I was talking to a breast cancer buddy the other day — one of the lucky ones who found her cancer at Stage 0 and got away with a minor lumpectomy — and was amazed and horrified at something she told me.
Apparently, while she was still learning about the staging of her disease, a handful of her friends told her they thought breast cancer was a great opportunity to improve her boobs (my friend’s always been small-breasted). As in, “You should totally do a double mastectomy and then get the boobs of your dreams.”
As someone who’s not only had a double mastectomy but is also currently researching reconstruction, I’d like to offer a little insight into this idea that breast cancer is a convenient way to “upgrade” your girls.
Mastectomies suck. Obviously, finding out that you have to have your breasts taken from you is horrific. I had two tumors in each of my girls, spaced far enough apart that lumpectomy wasn’t an option. Both of my boobs had to go (although I was able to keep my nipples). While I had a great surgeon, I now have scars on the outside of each “breast-ette.” I also have adhesions, areas where the skin is firmly stuck to the chest wall as well as knots of scar tissue that can be painful (it can also limit movement in some women). My chest wall hurts most days, probably from the heavy scraping it experienced during surgery. And speaking of surgery, after mine I came home with plastic tubing under my skin that wrapped around my breast area and drained bloody fluid into two plastic “hand grenades” that I had to empty out — and measure — twice a day for about three weeks. Not a good time. Also not fun, having to strap on a “sandbag” bra that chafes against my chest and armpits every day. Or wearing all of my V-neck shirts backwards because I don’t want people (particularly men – I’m single) to see my prominent ribs and realize there’s something funky going on with my front. Or looking in the mirror as I’m washing my hands or putting on makeup and seeing a gnarled and knotted chest looking back. Some women skip the fake boobs and rock their flat chests and I say more power to them. But for those who think breast cancer is a convenient way to get those double Ds they’ve always wanted, just remember that you have to live with nothing but scars and stares (imaginary and otherwise) for awhile first. Sometimes a very long while.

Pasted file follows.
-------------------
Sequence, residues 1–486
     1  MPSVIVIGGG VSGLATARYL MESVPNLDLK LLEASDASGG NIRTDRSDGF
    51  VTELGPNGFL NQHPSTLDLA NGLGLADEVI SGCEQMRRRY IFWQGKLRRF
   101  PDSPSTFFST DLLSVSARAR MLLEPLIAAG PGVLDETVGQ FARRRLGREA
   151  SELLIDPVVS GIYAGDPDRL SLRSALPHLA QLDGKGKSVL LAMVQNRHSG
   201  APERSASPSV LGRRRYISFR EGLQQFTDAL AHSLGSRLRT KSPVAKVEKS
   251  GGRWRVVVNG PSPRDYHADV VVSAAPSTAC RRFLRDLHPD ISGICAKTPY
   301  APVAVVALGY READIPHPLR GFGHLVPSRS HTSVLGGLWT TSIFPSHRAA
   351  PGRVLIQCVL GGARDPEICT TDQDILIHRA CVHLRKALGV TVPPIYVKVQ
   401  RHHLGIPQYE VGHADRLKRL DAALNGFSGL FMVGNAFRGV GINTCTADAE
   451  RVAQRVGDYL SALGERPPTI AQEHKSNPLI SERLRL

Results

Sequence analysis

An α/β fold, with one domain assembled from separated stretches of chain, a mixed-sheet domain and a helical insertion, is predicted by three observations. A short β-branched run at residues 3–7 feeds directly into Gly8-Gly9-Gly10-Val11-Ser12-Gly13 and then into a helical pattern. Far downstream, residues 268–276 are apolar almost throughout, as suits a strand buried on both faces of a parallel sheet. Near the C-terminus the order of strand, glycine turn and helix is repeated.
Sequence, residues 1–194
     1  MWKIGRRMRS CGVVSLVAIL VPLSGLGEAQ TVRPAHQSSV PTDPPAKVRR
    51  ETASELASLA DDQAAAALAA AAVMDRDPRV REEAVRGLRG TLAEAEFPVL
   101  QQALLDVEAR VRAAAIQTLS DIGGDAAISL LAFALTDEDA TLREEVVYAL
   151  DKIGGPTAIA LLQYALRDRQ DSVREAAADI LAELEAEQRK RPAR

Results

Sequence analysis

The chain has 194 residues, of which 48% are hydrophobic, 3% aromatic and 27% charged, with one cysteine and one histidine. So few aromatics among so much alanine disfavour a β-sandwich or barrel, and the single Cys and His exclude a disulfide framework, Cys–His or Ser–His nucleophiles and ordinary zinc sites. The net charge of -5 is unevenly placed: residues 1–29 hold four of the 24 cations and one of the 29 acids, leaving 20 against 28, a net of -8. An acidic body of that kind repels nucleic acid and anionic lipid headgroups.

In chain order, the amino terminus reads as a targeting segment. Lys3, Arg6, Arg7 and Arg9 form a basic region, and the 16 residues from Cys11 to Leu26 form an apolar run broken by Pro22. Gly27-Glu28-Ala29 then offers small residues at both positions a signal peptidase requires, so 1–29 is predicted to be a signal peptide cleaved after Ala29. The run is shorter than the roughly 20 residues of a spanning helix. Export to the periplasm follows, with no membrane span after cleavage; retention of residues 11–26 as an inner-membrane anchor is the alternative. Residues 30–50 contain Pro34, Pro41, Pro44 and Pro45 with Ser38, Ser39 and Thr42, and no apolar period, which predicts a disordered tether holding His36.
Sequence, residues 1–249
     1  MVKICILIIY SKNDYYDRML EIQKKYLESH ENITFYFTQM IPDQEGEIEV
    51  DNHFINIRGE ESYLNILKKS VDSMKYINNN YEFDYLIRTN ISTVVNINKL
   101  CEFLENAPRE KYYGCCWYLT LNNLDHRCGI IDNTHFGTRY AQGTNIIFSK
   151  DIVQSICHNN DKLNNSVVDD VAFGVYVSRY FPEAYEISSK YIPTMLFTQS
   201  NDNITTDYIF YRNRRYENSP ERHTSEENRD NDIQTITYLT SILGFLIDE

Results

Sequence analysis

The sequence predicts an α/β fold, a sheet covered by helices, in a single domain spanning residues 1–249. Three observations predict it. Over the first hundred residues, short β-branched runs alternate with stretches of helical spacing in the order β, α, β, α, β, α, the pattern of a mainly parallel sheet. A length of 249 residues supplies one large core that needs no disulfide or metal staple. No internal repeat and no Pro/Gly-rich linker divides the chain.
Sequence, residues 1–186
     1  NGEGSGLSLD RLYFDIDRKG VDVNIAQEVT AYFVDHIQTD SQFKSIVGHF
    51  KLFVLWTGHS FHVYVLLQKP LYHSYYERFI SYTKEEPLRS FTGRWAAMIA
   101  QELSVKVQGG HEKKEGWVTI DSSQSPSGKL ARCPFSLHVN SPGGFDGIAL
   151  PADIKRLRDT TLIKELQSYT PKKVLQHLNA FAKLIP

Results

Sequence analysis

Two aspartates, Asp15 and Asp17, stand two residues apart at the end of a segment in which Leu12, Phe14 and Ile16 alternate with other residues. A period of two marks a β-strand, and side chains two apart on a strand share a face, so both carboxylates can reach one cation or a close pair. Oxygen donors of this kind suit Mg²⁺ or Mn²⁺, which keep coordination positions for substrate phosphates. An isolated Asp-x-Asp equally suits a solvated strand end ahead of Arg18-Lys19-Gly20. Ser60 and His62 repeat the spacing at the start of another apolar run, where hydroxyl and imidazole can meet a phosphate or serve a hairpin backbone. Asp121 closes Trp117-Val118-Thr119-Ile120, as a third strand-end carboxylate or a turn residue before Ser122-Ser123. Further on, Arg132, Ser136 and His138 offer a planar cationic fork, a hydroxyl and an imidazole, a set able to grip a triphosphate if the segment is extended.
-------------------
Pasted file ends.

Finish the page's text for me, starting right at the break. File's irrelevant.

Kiss sensation goodbye. I did my research before surgery so I knew that loss of feeling was part of the process, but apparently not all women are aware of the fact that along with your fatty breast tissue — and whatever cancer — the surgeon removes all of your nerves during mastectomy. Which means you’re left with a Dead Zone where your breasts used to be. I could probably put a cigarette out on my skin and not feel it, at least not until the ember made its way through to my chest wall. I’ve certainly looked down to find cat scratches that I have no memory of. This lack of feeling has been one of the worst thing I’ve had to adjust to post-surgery. I’m a sexual person — there I’ve said it — and my girls have always been two very important players on the team. Now those players are permanently on the disabled list. A man could stroke my breasts — even stroke my nipples — all day long and the only thing I would feel is frustration. That delightful tingle I used to feel — the same thing most of us experience when someone nuzzles our neck — is gone, most likely forever. Some women claim they get some feeling back as their nerve endings regenerate, but I haven’t experienced anything like that. Many women never do.